The underside was beefed up to suit — braced lower control arms, tubular upper arms and a rack and pinion conversion tame the front; chassis connectors run to a shortened nine-inch with 3.5 gears and Yukon 28-spline axles out back. A Mopar Performance offset rear hanger kit makes room for 255/60 rear boots on 15×8 American Racing Hopsters, while skinnier 185s wrap 6in rims up front. A healthy lowering job nailed the stance, and brakes are a mix of drilled late-model discs and standard rear drums, all activated by a Redbore master cylinder.

Three years on and the Hardtop is all but finished, though it’s still not a daily.

“It came out much better than we expected so we bought a 300C for everyday use,” Hilda explains. But the coupe wasn’t mothballed and has clocked up plenty of street miles — and its fair share of awards, including Top Coupe, Top Engine Bay and Best Modified at Mopar Sunday 2011, plus Top Paint and 2nd Best Coupe at the recent Chrysler Expo.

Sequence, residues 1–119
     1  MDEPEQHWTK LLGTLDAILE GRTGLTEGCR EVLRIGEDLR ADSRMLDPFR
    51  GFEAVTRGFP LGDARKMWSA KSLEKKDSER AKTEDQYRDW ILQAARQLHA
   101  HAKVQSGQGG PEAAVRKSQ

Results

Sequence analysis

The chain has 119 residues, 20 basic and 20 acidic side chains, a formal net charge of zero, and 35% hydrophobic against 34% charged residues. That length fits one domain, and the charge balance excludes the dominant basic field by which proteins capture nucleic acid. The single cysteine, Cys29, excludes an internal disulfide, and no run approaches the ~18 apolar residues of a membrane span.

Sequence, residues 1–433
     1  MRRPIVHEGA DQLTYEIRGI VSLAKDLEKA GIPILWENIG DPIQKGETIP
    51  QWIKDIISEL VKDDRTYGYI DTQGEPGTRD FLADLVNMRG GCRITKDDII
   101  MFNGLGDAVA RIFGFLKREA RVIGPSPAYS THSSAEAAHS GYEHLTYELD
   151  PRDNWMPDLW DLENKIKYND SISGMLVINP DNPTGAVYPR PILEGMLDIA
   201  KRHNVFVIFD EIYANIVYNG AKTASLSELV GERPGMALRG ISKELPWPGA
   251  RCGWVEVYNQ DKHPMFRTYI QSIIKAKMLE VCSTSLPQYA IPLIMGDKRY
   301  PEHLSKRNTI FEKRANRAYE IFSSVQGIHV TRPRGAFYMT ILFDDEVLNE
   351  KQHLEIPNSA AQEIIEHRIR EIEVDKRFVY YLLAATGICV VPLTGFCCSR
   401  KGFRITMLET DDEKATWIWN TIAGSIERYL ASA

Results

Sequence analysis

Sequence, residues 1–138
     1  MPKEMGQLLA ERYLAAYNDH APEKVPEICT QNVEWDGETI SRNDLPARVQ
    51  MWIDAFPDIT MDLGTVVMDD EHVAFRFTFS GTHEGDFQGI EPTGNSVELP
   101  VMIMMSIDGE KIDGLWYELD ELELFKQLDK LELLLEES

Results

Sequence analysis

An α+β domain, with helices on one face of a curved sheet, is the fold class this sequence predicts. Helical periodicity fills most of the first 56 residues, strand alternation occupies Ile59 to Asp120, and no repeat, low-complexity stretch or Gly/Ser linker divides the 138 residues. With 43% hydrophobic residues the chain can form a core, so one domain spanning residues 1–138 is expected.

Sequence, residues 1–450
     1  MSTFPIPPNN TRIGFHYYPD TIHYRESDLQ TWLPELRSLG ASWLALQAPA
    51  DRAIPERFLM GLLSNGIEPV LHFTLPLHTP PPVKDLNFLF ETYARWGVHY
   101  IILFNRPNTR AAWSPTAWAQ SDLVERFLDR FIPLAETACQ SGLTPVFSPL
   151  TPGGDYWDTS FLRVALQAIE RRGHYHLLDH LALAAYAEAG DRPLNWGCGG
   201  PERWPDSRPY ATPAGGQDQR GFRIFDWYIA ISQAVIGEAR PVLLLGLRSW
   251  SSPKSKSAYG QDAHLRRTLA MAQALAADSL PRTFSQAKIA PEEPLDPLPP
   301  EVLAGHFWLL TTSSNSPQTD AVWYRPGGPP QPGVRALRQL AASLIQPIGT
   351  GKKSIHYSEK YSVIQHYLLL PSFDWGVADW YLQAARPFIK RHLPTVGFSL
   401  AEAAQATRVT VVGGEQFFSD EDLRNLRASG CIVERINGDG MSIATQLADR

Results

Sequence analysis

With the final build price a smidge over $35,000 including purchase, this is the perfect example of a well-planned, tough and affordable classic that can hold its own in the street, race and show arenas.


Colour: Custom yellow

Chrysler 360 stroked to 415ci
Carb: Holley 750
Intake: Edelbrock Air Gap
Heads: Chrysler ‘J’ castings, ported and polished
Crank & rods: Scat stroker
Pistons: JE custom
Camshaft: Comp hydraulic 462
Ignition: MSD
Cooling: Aussie Desert Cooler aluminium radiator, Edelbrock water pump
Exhaust: Four-into-one extractors, twin 2½in system

Gearbox: Chrysler 727
Converter: 3500rpm
Diff: Nine-inch, 3.5 gears

Front: Torsion bar, braced lower control arms, tubular upper control arms
Rear: Offset spring hangers, lowered leaf springs
Steering: Rack and pinion
Brakes: Drilled and slotted rotors (f), standard drums (r), Redbore master cylinder

Rims: American Racing Hopsters, 15×6 (f) 15×8 (r)
Rubber: Goodyear, 185/65 (f) Mickey Thompson ET Streets 255/60 (r)